Obsessed with retaining your youth? Young blood is the answer.
Society is obsessed with reversing the aging process to look and feel young again. This inclination dates back for hundreds of years and crosses cultures, where tales of villains hunting children to drain their blood or energy in exchange for a few days of youth lurk in folklore from around the world. While the idea may seem fanciful and even spooky, it is actually based in reality. In fact, researchers recently validated the age-reversing properties of young blood.
More than 200 hundred years ago, scientists began surgically joining young organisms with older organisms in a process known as heterochronic parabiosis to see what happened when the animals shared a single circulatory system. These experiments showed that aging reversed in the older organism, but the factors responsible for the change remained a mystery. Now, Irina Conboy’s group from the University of California, Berkeley used a newer protein-tagging method to track and identify the young blood–derived proteins responsible for muscle regeneration.
“It has been a long-standing question: what are the identities of young parabiotic factors that broadly rejuvenate old tissues? Previous approaches addressed it through more-or-less educated guesses and silver bullet candidates, some of which are controversial,” remarked Conboy.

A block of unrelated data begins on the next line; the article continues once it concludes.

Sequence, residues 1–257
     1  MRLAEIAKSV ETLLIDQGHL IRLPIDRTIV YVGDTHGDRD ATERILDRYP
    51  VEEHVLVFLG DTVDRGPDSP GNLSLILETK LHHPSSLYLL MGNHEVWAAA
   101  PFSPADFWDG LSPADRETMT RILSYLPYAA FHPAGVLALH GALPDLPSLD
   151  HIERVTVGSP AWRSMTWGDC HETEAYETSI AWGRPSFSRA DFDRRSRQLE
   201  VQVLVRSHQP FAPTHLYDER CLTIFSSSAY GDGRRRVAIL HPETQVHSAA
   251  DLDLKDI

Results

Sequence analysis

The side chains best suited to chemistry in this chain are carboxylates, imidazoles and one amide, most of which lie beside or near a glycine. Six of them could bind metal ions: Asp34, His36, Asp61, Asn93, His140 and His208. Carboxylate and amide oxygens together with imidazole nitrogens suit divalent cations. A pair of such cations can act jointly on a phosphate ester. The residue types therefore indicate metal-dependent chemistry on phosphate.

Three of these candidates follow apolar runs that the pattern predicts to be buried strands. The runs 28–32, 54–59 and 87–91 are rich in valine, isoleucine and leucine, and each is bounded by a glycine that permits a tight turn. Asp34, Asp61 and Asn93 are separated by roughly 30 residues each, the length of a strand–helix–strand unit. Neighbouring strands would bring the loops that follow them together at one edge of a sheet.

While working in David Tirrell’s lab at Caltech, Conboy came across a new protein labeling technology known as Bio-Orthogonal Non-Canonical Amino acid Tagging (BONCAT), in which synthetic molecules similar to amino acids are incorporated into newly made proteins that are engineered for tagging. Her group applied this technology to profile the unknown young blood factors involved in muscle regeneration during parabiosis.
Conboy and her team surgically joined old mice to young transgenic mice expressing tagged proteins. After joining the mice, they injured the muscle tissue of the old mice and looked for factors that crossed from the young transgenic mice to the injured muscle. They identified 70 tagged proteins that appeared in the muscles of the old mice, some of which are known to play a role in muscle development. Additionally, they identified several factors understudied in the field of muscle regeneration, such as the hormone leptin, growth factor GDF5, developmental protein cerberus, leukocyte factors LIF, IL-10 and IL-22, and the tissue remodeling proteins TIMP1 and TIMP4.
“The identified young circulatory proteins that were found in muscle of old mice provide the most interesting conclusion of these studies,” said Conboy. “Not just one or two, but many of these young blood–derived proteins possess rejuvenating pro-myogenic properties, and moreover, they are expected to synergize when such young factors reach the old tissue simultaneously. This suggests that not just one, but many youthful circulatory factors improve the health of old tissues in heterochronic environments, and argue against a ‘one silver bullet’ approach to systemic rejuvenation,” said Conboy.